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Know Your Enemy: Texas Rangers

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Not to be confused with those fired by Ma Ferguson

Rangers beat Blue Jays 7-6
#NeverForget
Richard W. Rodriguez/Fort Worth Star-Telegram/Tribune News Service via Getty Images

There are many things I will never understand when it comes to MLB’s decision-making. Why do they think “runner on second in extra innings” enhances the game? Why does Pete Rose’s betting scandal trump Curt Schilling’s lunacy when it comes to the Hall of Fame? Why do they insist on scheduling White Sox vs. Rangers games in Chicago in April when it’s 40 degrees here and 70 degrees in Arlington, and in Arlington when it’s 107 degrees there and 80 degrees here?

But I digress. Let’s get to what you’re really here for ...

2020 Texas Rangers: 22-38 (fifth in AL West)

The first season of new Globe Life Park was 2020, so that big, shiny new stadium (with a roof) was empty. The Rangers were one out of 14 teams that did not trip their way into the extended playoffs and had the dubious honor of finishing with the second-worst record in baseball. To say they had a “not great” season would be a gross understatement because clearly more went wrong for the Rangers than what went right.

Last season plagued the Rangers with a lot of injuries. Corey Kluber lasted exactly one inning of his Texas debut before he was hurt. José Leclerc, Danny Santana, Shin-Soo Choo, Willie Calhoun, Rougned Odor, and Joe Palumbo had a range of “injuries that cost the entire season” to “injuries cost a chunk of the season.” Elvis Andrus was playing through a back injury that definitely impacted his season, no matter how few games the season was. Injuries were to be expected with the stop-start of the 2020 season (and squeezing in 60 games to a couple months), and while it wasn’t solely to blame for the Rangers poor season it certainly didn’t help. The Rangers had the worst winning percentage on the road in all of baseball (6-24). Strict COVID protocols caused a few teams to struggle on the road, but no one struggled nearly as bad as the Rangers.

The offense limped in to the offseason with a franchise-worst 76 OPS+ (pushing the 1972 Rangers out of the record book). They also ended the season with a .217 batting average and only scored 224 runs in 60 games. Joey Gallo, the face of the Rangers, struggled through 2020 with a .181/.308/.378 slash. Texas pitching was slightly better, with a 5.02 ERA (11th in the AL) but they failed at being a better strikeout team than in years past by posting nine strikeouts per game.

All this to say that there was very little good in 2020 (Lance Lynn was the lone standout from the rotation, the team was more aggressive on the base paths by stealing 49 bases, and two Gold Glove winners). This season will be spent giving playing time to the crop of younger players on the field.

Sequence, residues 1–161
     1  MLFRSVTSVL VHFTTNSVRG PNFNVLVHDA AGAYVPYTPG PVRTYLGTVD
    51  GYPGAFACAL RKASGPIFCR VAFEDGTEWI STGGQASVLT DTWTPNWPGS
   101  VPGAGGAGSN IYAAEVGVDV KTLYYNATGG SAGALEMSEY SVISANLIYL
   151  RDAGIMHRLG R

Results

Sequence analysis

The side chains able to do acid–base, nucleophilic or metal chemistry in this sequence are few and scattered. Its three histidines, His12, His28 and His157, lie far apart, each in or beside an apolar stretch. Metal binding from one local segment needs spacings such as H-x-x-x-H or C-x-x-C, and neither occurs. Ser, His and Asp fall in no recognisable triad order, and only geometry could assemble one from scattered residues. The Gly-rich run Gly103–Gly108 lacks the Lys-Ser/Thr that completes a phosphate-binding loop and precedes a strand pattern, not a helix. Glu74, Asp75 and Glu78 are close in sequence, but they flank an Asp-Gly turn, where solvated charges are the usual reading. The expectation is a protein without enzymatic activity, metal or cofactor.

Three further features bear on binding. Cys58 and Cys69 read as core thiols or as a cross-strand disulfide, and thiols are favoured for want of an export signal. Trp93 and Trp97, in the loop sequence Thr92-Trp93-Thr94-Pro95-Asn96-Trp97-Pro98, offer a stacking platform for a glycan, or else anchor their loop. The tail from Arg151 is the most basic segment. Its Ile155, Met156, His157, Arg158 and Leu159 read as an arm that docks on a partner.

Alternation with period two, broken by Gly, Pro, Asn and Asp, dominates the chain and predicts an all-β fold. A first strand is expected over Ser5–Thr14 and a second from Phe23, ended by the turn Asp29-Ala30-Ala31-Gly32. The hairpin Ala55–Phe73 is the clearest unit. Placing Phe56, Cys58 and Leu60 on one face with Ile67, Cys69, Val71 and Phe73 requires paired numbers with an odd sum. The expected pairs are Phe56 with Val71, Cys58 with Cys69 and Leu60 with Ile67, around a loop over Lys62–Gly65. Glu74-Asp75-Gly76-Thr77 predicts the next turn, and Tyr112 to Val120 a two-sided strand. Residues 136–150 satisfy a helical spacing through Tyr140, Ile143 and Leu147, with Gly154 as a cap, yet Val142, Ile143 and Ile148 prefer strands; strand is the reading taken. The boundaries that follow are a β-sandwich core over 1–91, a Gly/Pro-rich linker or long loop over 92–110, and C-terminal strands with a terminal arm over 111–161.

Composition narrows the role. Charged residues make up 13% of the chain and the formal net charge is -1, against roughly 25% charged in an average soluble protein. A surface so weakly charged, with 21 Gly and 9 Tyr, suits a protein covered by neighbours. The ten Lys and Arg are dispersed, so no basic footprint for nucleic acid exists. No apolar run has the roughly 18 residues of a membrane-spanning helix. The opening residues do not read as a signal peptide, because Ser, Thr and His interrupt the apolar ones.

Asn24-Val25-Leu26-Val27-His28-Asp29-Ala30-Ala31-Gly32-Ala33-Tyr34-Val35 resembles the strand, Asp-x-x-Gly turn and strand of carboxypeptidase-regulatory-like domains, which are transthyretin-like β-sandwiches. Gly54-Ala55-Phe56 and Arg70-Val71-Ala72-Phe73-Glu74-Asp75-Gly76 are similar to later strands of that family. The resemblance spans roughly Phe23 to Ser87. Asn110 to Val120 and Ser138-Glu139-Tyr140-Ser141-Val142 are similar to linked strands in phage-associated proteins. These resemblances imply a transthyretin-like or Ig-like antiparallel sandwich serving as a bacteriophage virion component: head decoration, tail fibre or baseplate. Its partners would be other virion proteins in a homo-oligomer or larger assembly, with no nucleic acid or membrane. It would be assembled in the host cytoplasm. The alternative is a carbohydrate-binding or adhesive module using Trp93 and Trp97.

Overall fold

2021 Manager: Chris Woodward

For those who didn’t really know Chris Woodward before, he definitely rose to infamy by complaining about Fernando Tatís Jr.’s 3-0 grand slam with a seven-run lead in the Padres-Rangers game in August.

It was all very “unwritten rules are real, get off my lawn!” and Tatís Jr. ended up apologizing even though he shouldn’t have (one thought would be to throw pitches that don’t result in bases being loaded or grand slams, but what do I know?).

Woodward’s option was extended by the team through 2022, so he should be sticking around next year, too. His record of the last two years is a winning percentage of .450, so he’s proving to be some sort of “middle of the road”-type of manager. Not exactly a Hall-of-Famer Baseball Person, but not exactly Buddy Bell. Woodward also has had only four career ejections, which is pretty mellow all things considering.

2021 So Far

The White Sox traded Dane Dunning for Lance Lynn, which has worked out so far for voth teams. Elvis Andrus and Aramis García were sent to Oakland in exchange for Khris Davis, Jonah Heim, and Dane Acker, in a strange deal because I can’t imagine Andrus as anyone but a Texas Ranger.

The team is currently 9-10, which isn’t the worst in the AL West (hi, Houston) or baseball as a whole (an honor bestowed on the Rockies right now) and the starting rotation has the best ERA in the American League so far. Plus as White Sox fans all know, a team of young players is often pretty fun to watch. They had a comeback win in the road series against Anaheim. and Woodward has been banging the drum of “we are better than the writers are saying.” The team is supporting each other, and that kind of energy can be sustained all season (ah, the energy of youth).

Also Odor was shipped off to the Yankees recently. Texas ate his contract, and Odor had to shave his beard — which is just a weird look.

Series Matchup: Best ERA in the AL vs. José Abreu

We have an old friend alert with Dane Dunning pitching tonight’s opener. Dunning currently is 1-0 with a 0.60 ERA and 16 strikeouts; this is going to be Dunning’s fourth start of 2021, and I’m sad he’s not still ours.

Saturday is going to have our Sox facing Kyle Gibson. Gibson has been the Texas ace this season, with a 2-0 record and 2.53 ERA. It’s worth noting that Gibson hasn’t been scored on in two of his last four outings, so maybe we have some guys who can break that streak.

Sunday has Kohei Arihara closing out the series. He’s currently 2-1 with a 2.21 ERA. He posted a victory against the Angels on the last road trip, earning himself an extra day of rest. He’s trending upwards, posting wins in the last two outings.

Why Does Everyone Hate the Rangers?

I don’t particularly hate the Rangers. Old Globe Life was a beautiful park with zero shade (a terrible choice of engineering in Texas) and apparently there’s a lot of fair weather fans in Texas, land of football.

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(^^my favorite one tbh)